Approaching age 70, my mother decided to have a Bas Mitzvah. This rite of passage marks a Jewish girl’s taking on of the 613 commandments embodied in the Torah. In most congregations, a person demonstrates readiness for this passage by a certain level of learning, and in particular, the ability to read and interpret a portion, or parsha, from the Torah. A person can perform this rite at any age, though the typical age is 12 or 13. In 1928, in Detroit, when my mother was 12, the idea of the Bas Mitzvah had not yet been conceived. And so it was 1985 before she decided to pursue her dream of Jewish learning.
To prepare for a Bas Mitzvah, a person must learn the vowel-less Hebrew used in the Torah. Also, to strictly observe tradition, she must study cantillation and tropes, the ancient systems of fusing speech with melody. And so my mother began. She studied with a rabbi, she received her parsha, and she had a date for her Bas Mitzvah, when she would chant for the congregation.
She loved her parsha. She chanted it throughout her day–while she swept floors, made beds, folded laundry, cooked supper. When I visited, I heard her humming the melody as she dressed in the morning. If she woke at night, anxious, she lifted her cassette recorder from the bedside table, put on her headphones, and listened to the parsha tape, humming quietly so she wouldn’t disturb my father.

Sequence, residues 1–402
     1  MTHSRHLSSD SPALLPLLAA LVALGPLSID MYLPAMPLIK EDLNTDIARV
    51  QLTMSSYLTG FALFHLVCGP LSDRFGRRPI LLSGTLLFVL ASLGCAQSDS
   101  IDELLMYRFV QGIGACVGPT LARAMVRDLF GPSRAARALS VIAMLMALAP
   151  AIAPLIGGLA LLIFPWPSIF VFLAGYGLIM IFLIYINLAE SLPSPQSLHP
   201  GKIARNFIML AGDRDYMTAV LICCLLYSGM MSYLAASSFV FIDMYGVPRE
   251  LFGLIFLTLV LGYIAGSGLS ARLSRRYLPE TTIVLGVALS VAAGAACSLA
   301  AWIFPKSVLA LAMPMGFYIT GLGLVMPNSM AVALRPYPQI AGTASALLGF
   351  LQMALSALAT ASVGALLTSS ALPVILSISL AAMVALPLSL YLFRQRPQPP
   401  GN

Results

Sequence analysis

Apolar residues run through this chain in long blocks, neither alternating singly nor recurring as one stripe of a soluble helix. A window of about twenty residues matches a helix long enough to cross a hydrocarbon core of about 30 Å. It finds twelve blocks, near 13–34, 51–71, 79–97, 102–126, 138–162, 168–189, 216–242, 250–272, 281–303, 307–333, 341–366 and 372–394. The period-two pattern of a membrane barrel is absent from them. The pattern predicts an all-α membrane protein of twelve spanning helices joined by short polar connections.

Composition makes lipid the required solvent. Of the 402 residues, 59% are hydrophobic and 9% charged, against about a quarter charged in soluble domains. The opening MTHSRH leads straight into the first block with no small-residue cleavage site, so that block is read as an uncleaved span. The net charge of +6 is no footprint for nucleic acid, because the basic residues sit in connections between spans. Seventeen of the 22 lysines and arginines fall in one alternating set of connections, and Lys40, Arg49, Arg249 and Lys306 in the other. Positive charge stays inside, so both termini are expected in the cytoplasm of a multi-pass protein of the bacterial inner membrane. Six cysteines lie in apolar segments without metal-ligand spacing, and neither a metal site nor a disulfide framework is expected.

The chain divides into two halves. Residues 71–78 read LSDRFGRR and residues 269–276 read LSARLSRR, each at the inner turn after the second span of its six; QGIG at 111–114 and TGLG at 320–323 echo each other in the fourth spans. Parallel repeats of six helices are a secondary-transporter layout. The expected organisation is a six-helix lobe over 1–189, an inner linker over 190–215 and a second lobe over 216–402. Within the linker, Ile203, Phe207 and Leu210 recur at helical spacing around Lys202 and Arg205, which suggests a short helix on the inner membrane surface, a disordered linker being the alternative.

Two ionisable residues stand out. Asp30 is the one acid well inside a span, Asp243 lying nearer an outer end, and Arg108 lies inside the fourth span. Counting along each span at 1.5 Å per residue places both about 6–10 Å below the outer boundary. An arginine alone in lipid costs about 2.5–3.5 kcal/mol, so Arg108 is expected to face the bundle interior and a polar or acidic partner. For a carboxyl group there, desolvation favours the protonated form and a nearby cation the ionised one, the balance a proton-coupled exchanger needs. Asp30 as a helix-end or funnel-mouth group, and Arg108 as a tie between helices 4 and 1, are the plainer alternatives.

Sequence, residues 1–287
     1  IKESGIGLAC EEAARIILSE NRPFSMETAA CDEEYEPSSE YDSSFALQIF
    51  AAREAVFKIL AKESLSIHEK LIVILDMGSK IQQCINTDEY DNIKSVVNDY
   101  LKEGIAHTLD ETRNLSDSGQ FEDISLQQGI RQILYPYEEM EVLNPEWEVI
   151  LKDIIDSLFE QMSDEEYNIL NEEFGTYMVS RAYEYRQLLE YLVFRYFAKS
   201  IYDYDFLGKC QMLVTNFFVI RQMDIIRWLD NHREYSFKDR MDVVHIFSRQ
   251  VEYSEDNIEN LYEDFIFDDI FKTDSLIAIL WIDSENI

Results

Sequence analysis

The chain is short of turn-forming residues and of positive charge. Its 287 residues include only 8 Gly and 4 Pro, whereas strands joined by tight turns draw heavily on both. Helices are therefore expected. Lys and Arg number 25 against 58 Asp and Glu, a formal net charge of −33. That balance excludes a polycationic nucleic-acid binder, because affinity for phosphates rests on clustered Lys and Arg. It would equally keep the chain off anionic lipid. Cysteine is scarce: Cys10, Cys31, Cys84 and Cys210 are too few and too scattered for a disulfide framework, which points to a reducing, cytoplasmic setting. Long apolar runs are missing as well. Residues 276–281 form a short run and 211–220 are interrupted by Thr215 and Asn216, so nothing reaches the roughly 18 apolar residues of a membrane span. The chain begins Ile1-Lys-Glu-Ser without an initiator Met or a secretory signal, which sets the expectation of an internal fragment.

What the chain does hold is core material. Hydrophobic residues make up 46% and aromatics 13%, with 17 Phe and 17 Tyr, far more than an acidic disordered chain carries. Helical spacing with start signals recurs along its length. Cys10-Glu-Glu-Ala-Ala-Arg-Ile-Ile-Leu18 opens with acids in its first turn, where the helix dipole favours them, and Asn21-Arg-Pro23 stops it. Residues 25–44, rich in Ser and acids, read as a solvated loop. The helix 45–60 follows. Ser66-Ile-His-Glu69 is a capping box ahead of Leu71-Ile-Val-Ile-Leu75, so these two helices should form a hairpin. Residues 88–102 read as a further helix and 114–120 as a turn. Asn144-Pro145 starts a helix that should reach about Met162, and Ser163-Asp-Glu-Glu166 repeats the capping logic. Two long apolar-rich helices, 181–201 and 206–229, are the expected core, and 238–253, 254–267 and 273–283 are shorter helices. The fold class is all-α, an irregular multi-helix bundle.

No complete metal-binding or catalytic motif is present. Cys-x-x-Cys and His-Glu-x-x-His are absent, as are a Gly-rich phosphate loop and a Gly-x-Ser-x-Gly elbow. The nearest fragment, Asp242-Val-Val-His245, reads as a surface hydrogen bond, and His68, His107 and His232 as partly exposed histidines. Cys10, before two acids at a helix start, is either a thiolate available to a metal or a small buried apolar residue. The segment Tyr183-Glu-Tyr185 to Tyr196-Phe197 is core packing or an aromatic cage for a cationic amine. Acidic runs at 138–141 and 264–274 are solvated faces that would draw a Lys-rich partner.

But my mother never chanted her parsha to the congregation. One February morning, only months before her Bas Mitzvah, she arrived at her health club, changed into her workout clothes, and felt the killing chest pains. By night, she was gone.
I believe that one can wait too long to fulfill a dream. And, in turn, I believe in diligence. In 2004, I had been working on becoming a writer for almost ten years. During all those years, Sunday mornings were my time to write, and I allowed no excuses or interruptions. Gradually, my short stories and essays were accepted in literary magazines, and I accumulated awards and fellowships. And one day, I recognized the novelistic potential of one of my short stories, so I began writing almost every night after dinner as well, feeling a sense of urgency, pursuing a dream.
During this time, my husband and I went out for an evening with friends, and I told this story of my mother and her Bas Mitzvah. As I did, I felt its connection with my urgency about the novel. It was the fear of waiting too long. Thus, when we got home, my husband suggested that I set aside my career as an editor for a time and focus on the book.
Now I am 60—old for a debut—but I felt the urgency, responded with diligence, and now, trying not to be morbid, I await the July publication of my first novel.
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